Facebook has its own cryptocurrency now. But why, exactly? What's it for?
Officially unveiled on Tuesday, the new digital currency, called Libra, will go live in 2020. Facebook already has 27 partners in the venture, including corporate heavy hitters like Visa, Mastercard, PayPal, eBay, Uber, and Lyft, plus some venture capital firms and nonprofits. They hope to have 100 partners or more by the launch.
The idea is to create an open-source digital currency, using the same blockchain technology that bitcoin was based on. Any customer could have a digital "wallet" of Libra, and could conduct transactions in Libra with any participating business and across any participating network. Libra will initially be available to the billions of Facebook Messenger and WhatsApp users, but presumably the goal is to eventually take it much bigger.
Facebook's own vision for Libra's purpose is pretty soaring: "1.7 billion adults globally remain outside of the financial system with no access to a traditional bank, even though one billion have a mobile phone and nearly half a billion have internet access," Facebook's white paper explaining Libra points out. "Moving money around globally should be as easy and cost-effective as... sending a text message or sharing a photo, no matter where you live, what you do, or how much you earn."
But is Libra's actual design conducive to that goal?
Let's rewind the tape a bit. The successful national currencies the world has right now are run by their respective national governments — by the central banks those governments create, and the private banks that operate as public charters under those currency regimes. Conversely, the blockchain technology Libra's using, and that underlies bitcoin and such, allows the creation and maintenance of a totally decentralized database that tracks a currency's history — who has made what transactions with whom, and thus how much of the currency everyone has — without any overarching governing authority.
More than that, blockchain technology also enabled the creation of new currency supplies without any centralized authority. Any participant in the network could complete a particular task, the software protocols would confirm they'd completed it, and then they'd be rewarded for that task with new currency created ex nihilo by the network. In bitcoin as it actually ran, the only task this applied to was "mining" — maintaining the aforementioned database of all the historical transactions in the bitcoin network. But in theory, at least, those protocols could've created new currency to reward any widely varied number of tasks: Maintaining a ride-sharing service or an online grocery store and delivery service or a social network for musicians, and on and on.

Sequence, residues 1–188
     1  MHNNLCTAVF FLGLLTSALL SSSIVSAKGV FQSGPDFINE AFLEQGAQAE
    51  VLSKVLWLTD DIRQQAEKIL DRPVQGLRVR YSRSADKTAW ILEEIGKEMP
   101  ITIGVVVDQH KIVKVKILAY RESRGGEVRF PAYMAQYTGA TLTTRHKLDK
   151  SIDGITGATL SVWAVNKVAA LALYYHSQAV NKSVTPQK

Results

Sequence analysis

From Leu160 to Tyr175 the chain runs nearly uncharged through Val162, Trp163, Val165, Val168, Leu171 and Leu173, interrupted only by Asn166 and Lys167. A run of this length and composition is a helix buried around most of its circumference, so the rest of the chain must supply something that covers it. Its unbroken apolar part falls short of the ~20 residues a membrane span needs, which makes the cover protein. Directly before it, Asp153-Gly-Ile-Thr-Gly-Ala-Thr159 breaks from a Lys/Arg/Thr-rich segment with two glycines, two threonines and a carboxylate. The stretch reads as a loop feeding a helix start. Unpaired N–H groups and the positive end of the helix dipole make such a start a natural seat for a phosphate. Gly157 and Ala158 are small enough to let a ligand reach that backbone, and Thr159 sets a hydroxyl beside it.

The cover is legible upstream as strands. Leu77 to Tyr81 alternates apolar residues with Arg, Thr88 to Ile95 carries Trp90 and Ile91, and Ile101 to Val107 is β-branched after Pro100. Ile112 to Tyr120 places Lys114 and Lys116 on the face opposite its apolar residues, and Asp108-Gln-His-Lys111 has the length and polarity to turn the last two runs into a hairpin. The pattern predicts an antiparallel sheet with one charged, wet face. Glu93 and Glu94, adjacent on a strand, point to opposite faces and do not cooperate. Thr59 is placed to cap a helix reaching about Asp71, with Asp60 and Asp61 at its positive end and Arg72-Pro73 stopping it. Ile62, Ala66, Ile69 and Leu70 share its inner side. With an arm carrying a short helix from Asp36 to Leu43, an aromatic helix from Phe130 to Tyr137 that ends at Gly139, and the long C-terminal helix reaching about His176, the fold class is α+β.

That was by far the most revolutionary potential buried in the bitcoin and cryptocurrency craze. What's striking about Facebook's new Libra proposal is how unceremoniously it does away with that vision.
Libra will be run by a central association — literally, the Libra Association — that will make all the technical and software and managerial decisions. The Association would be made up of representatives from all those initial founding partners, presumably to further expand as others join in. There goes the decentralized aspect right there.
But more to the point, the currency will only be created when someone buys Libra using some already existing national currency. The initial supply of Libra will go to the founding partners, who have all agreed to kick in at least $10 million a piece. Conversely, Libra supplies will be destroyed only when someone takes their Libra back to the Association to exchange the digital currency for some traditional national currency. In the interim, the national currency used to buy the newly created Libra currency will be placed in the Libra Reserve — an investment fund of safe assets, like bonds for major western governments and the like. Returns from the Libra Reserve would be used to fund Libra's administrative operations. But more importantly, they'd also provide dividends to reward all the participating partners; that would be the profit incentive to entice investors to participate.
Under the U.S. gold standard, the Federal Reserve agreed to exchange any U.S. dollar for an equivalent amount of gold. In a similar way, the Libra would be backed by a basket of traditional national currencies like the dollar and the euro.
Libra's creators argue this will keep the currency stable, and avoid the bubbles that have bedeviled other cryptocurrencies like bitcoin. But it also means the supply of Libra will grow only according to the interests of people who already have money to kick into the system; which probably mainly means wealthy investors and corporations. Facebook officials told The New York Times that the Libra network could eventually offer services "such as lending and investing," though it's hard to know how that would work, since bank lending under traditional national currencies is itself an act of ex nihilo money creation.
Put it all together, and it's not obvious how Libra, in practice, would be functionally any different from mobile pay apps already out there. You have to get your hands on some traditional national currency before you can participate in either network. Thus the barriers to entry for people of lesser means are much the same in either case. A mobile pay app that has an easier time crossing national borders could certainly have some new uses at the margins, but beyond that it's hard to see what new possibilities Libra itself brings to the table.
For all of Facebook's soaring rhetoric about changing the world, Libra looks at best like a gimmick. At worst, it's one more effort to keep people forever enclosed in Facebook's walled garden of growing global dominion.